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The frequency of eye disease originating from brain lesion is all sufficient to render an attempt to trace a closer relationship between the eyes and the brain justifiable and merits, by reason of its utility in ocular and brain diagnoses, very careful consideration. If we are dealing with structural ocular changes we are often able to define the etiologic factor at once, but at times we are confronted by functional disturbances which are but vaguely explicable; under such circumstances if we could only view the eyes as a component factor of the cerebral and cerebellar mechanism, obscurity in diagnosis would vanish. I have always regarded the eyes as nothing more nor less than prolonged bulbous expansions of the optic nerves with altered anatomic characters to meet the requisites of their physiologic necessity, viz., to formulate and receive impressions of the external world and, carrying the analogy a step further, we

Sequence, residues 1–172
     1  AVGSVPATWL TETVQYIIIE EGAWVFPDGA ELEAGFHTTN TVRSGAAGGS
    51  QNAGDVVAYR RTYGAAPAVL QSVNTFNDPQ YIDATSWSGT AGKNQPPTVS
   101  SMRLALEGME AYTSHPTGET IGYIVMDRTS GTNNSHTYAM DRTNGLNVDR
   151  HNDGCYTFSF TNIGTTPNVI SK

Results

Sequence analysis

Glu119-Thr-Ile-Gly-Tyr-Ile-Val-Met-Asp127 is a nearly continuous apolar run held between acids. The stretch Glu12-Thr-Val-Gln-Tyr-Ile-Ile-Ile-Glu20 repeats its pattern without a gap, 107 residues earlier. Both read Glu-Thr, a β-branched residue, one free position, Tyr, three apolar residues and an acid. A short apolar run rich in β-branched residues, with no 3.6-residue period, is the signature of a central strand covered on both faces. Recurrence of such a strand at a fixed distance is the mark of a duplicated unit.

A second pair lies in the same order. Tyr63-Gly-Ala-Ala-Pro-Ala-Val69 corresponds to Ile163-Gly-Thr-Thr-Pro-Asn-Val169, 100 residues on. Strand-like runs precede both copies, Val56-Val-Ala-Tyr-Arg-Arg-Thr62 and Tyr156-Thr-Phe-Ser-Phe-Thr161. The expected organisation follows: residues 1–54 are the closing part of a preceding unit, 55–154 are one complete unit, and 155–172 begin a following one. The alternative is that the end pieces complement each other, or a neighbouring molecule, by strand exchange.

LYDSTON JA. THE RELATIONSHIP BETWEEN THE EYES AND THE BRAIN. JAMA. 1895;XXV(19):792–793. doi:10.1001/jama.1895.02430450008001d
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